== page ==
A flight management system (FMS) is a fundamental component of a modern airliner's avionics. An FMS is a specialized computer system that automates a wide variety of in-flight tasks, reducing the workload on the flight crew to the point that modern civilian aircraft no longer carry flight engineers or navigators. A primary function is in-flight management of the flight plan. Using various sensors (such as GPS and INS often backed up by radio navigation) to determine the aircraft's position, the FMS can guide the aircraft along the flight plan. From the cockpit, the FMS is normally controlled through a Control Display Unit (CDU) which incorporates a small screen and keyboard or touchscreen. The FMS sends the flight plan for display to the Electronic Flight Instrument System (EFIS), Navigation Display (ND), or Multifunction Display (MFD).
The modern FMS was introduced on the Boeing 767, though earlier navigation computers did exist. Now, systems similar to FMS exist on aircraft as small as the Cessna 182. In its evolution an FMS has had many different sizes, capabilities and controls. However certain characteristics are common to all FMS.
All FMS contain a navigation database. The navigation database contains the elements from which the flight plan is constructed. These are defined via the ARINC 424 standard. The navigation database (NDB) is normally updated every 28 days, in order to ensure that its contents are current. Each FMS contains only a subset of the ARINC data, relevant to the capabilities of the FMS.
The NDB contains all of the information required for building a flight plan, consisting of:
- Airways (highways in the sky)
- Radio navigation aids including distance measuring equipment (DME), VHF omnidirectional range (VOR), non-directional beacons (NDBs) and instrument landing systems (ILSs).
- Standard instrument departure (SID)
- Standard terminal arrival (STAR)
- Holding patterns (only as part of IAPs-although can be entered by command of ATC or at pilot's discretion)
- Instrument approach procedure (IAP)
Waypoints can also be defined by the pilot(s) along the route or by reference to other waypoints with entry of a place in the form of a waypoint (e.g. a VOR, NDB, ILS, airport or waypoint/intersection)
The flight plan is generally determined on the ground, before departure either by the pilot for smaller aircraft or a professional dispatcher for airliners. It is entered into the FMS either by typing it in, selecting it from a saved library of common routes (Company Routes) or via an ACARS datalink with the airline dispatch center.
During preflight, other information relevant to managing the flight plan is entered. This can include performance information such as gross weight, fuel weight and center of gravity. It will include altitudes including the initial cruise altitude. For aircraft that do not have a GPS, the initial position is also required.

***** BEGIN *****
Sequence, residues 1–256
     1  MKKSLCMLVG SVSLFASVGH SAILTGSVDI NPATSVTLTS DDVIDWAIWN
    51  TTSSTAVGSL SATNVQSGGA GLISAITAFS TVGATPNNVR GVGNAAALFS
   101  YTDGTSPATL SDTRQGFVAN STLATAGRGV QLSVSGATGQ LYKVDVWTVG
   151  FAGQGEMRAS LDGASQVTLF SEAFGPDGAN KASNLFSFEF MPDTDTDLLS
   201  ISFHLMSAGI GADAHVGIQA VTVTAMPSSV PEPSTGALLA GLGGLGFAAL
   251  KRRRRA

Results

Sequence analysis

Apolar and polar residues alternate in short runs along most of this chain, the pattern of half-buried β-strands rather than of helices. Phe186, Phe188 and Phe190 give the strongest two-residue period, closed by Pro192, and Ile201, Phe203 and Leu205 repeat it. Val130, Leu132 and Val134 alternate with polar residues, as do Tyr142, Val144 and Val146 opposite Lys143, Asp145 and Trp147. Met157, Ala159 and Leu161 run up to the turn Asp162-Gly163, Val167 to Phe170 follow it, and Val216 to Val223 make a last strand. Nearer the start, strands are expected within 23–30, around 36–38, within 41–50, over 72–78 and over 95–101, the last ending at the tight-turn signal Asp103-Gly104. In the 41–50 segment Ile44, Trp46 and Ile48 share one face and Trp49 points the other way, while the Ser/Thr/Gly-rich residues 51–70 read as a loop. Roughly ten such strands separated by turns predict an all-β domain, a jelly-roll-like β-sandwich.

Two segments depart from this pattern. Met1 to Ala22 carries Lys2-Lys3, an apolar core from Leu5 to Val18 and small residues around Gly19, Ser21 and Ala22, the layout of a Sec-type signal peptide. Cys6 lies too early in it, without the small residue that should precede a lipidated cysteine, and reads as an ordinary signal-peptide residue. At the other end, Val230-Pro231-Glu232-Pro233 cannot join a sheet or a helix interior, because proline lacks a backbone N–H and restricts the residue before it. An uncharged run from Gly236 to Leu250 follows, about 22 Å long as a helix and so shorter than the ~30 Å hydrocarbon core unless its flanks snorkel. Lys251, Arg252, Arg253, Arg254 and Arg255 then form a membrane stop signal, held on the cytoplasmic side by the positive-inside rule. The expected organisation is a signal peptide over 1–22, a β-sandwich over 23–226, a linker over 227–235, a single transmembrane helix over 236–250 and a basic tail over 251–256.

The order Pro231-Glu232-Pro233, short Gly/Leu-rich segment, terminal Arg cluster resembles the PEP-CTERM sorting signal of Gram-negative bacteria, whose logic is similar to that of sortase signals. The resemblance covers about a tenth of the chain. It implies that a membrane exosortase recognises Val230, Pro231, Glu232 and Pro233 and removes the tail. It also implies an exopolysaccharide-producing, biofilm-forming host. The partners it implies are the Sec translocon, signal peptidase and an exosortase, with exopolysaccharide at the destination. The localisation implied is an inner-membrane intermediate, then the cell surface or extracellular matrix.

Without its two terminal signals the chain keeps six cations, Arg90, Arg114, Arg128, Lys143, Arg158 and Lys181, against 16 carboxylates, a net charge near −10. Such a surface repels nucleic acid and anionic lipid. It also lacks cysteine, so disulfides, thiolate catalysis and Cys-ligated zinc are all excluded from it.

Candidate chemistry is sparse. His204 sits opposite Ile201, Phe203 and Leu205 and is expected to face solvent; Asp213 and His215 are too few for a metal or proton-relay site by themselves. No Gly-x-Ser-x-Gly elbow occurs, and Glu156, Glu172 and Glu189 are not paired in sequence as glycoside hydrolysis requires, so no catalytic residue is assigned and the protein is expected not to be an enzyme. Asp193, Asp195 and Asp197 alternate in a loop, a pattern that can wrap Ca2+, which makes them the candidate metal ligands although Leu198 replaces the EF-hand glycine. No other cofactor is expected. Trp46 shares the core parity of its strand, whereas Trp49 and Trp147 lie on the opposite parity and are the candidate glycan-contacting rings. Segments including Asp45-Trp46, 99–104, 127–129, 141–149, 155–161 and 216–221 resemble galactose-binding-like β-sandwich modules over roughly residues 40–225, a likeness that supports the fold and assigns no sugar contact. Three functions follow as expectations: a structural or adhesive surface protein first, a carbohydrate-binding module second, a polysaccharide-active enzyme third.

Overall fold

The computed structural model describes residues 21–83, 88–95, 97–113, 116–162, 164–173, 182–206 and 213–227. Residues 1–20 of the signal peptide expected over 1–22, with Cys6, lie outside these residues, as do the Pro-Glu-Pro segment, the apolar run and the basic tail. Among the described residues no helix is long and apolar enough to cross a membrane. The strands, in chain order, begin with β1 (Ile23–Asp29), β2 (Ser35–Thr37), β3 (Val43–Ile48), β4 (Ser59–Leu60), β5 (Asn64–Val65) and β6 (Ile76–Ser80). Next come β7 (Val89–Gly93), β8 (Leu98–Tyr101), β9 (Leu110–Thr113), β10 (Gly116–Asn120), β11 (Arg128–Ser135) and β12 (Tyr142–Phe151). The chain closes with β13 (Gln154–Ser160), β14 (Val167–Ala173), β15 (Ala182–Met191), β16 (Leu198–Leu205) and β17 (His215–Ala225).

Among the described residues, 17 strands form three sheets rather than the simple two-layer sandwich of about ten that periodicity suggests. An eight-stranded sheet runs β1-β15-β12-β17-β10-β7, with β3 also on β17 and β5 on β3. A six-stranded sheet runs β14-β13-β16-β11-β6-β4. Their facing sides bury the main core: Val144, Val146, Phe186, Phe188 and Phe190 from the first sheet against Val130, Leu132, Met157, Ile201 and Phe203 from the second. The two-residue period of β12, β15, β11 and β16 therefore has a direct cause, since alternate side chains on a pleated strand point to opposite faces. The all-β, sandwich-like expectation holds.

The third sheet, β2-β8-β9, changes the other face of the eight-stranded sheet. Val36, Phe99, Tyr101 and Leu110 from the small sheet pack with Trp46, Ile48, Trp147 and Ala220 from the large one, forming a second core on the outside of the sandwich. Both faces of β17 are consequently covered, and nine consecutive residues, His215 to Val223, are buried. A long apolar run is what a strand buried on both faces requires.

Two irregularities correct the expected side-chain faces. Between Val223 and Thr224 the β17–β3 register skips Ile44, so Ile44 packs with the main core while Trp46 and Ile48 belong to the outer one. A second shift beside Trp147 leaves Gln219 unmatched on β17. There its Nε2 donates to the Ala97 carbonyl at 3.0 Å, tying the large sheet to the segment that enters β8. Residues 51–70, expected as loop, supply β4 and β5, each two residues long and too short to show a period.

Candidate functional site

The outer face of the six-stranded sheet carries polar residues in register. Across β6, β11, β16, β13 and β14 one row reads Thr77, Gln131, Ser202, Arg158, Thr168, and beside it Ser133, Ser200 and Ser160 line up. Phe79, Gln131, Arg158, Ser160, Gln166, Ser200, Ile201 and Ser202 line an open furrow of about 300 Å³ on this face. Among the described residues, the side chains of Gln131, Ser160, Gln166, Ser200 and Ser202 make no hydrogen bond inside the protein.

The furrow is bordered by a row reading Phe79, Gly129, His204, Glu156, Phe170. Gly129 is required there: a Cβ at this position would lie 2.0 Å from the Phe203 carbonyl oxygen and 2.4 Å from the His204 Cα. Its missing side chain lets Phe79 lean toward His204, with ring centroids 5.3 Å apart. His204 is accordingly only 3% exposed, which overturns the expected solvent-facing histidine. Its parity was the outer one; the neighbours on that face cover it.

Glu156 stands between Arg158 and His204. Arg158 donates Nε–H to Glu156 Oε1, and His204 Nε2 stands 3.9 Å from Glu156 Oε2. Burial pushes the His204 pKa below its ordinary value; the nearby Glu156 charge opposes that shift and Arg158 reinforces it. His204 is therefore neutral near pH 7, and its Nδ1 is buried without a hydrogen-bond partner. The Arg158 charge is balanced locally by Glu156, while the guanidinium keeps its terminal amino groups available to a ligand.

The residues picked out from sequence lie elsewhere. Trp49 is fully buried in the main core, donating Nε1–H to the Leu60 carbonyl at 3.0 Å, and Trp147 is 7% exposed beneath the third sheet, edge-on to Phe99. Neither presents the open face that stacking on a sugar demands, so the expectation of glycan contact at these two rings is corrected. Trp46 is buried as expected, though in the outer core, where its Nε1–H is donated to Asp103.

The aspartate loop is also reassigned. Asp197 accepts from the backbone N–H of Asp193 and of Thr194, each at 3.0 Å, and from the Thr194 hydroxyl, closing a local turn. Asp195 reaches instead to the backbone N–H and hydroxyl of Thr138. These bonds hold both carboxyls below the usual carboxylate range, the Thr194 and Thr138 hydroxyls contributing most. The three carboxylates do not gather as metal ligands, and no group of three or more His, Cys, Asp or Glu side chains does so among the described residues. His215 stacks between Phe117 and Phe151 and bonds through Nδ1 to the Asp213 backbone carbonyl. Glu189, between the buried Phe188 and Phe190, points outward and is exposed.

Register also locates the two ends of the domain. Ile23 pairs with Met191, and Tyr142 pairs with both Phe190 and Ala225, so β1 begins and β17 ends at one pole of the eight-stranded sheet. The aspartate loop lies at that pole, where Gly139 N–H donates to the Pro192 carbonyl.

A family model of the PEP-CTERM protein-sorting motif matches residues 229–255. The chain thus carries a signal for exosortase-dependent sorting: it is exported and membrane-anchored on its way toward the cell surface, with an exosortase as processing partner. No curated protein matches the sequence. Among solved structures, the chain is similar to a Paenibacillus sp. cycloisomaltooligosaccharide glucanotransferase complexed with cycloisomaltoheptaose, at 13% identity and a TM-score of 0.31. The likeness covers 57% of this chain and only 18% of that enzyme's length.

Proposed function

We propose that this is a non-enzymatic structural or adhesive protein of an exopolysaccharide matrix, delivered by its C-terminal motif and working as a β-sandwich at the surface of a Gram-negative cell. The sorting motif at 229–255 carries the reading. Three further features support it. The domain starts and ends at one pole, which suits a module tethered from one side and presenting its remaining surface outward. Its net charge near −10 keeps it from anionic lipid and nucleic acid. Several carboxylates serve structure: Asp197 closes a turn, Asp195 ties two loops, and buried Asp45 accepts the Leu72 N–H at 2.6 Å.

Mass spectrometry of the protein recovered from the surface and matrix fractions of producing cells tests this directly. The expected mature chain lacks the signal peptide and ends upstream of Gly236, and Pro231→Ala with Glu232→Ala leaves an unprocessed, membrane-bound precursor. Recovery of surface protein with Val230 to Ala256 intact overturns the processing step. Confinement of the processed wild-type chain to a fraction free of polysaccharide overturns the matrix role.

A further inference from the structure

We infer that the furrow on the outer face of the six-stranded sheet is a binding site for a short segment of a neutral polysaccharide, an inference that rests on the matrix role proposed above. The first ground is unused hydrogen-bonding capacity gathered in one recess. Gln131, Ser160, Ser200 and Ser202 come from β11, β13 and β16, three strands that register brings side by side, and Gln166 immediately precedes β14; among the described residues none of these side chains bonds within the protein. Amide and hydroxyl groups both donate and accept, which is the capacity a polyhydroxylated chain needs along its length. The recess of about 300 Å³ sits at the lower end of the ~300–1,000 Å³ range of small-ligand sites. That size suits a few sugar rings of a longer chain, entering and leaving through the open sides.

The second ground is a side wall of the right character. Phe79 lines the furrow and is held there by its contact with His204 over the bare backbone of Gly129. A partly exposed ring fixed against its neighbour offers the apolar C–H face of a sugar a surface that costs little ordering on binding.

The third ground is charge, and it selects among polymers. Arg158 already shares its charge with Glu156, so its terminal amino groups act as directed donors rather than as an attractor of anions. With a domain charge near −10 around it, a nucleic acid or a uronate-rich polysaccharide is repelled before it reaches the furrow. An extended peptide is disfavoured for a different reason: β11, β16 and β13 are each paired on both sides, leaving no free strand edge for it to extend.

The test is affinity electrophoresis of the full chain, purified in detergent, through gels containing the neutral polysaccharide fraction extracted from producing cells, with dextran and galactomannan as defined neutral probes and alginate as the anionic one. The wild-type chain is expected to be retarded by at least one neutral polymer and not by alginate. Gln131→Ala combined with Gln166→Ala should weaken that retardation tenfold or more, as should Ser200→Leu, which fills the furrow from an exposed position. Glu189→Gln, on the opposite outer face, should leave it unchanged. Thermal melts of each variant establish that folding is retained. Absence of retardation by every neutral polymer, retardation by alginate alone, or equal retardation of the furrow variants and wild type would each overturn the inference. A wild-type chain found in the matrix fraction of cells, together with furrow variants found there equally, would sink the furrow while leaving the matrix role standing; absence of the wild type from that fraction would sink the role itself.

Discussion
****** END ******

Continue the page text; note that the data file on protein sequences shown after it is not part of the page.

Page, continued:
The pilot uses the FMS to modify the flight plan in flight for a variety of reasons. Significant engineering design minimizes the keystrokes in order to minimize pilot workload in flight and eliminate any confusing information (Hazardously Misleading Information). The FMS also sends the flight plan information for display on the Navigation Display (ND) of the flight deck instruments Electronic Flight Instrument System (EFIS). The flight plan generally appears as a magenta line, with other airports, radio aids and waypoints displayed.
Special flight plans, often for tactical requirements including search patterns, rendezvous, in-flight refueling tanker orbits, calculated air release points (CARP) for accurate parachute jumps are just a few of the special flight plans some FMS can calculate.
Once in flight, a principal task of the FMS is to determine the aircraft's position and the accuracy of that position. Simple FMS use a single sensor, generally GPS in order to determine position. But modern FMS use as many sensors as they can, such as VORs, in order to determine and validate their exact position. Some FMS use a Kalman filter to integrate the positions from the various sensors into a single position. Common sensors include:
Airline quality GPS receivers act as the primary sensor as they have the highest accuracy and integrity. Radio aids designed for aircraft navigation act as the second highest quality sensors. These include; Scanning DME (distance measuring equipment) that check the distances from five different DME stations simultaneously in order to determine one position every 10 seconds or so. VORs (VHF omnidirectional radio range) that supply a bearing. With two VOR stations the aircraft position can be determined, but the accuracy is limited. Inertial reference systems (IRS) use ring laser gyros and accelerometers in order to calculate the aircraft position. They are highly accurate and independent of outside sources. Airliners use the weighted average of three independent IRS to determine the “triple mixed IRS” position. The FMS constantly crosschecks the various sensors and determines a single aircraft position and accuracy. The accuracy is described as the Actual Navigation Performance (ANP) a circle that the aircraft can be anywhere within measured as the diameter in nautical miles. Modern airspace has a set required navigation performance (RNP). The aircraft must have its ANP less than its RNP in order to operate in certain high-level airspace.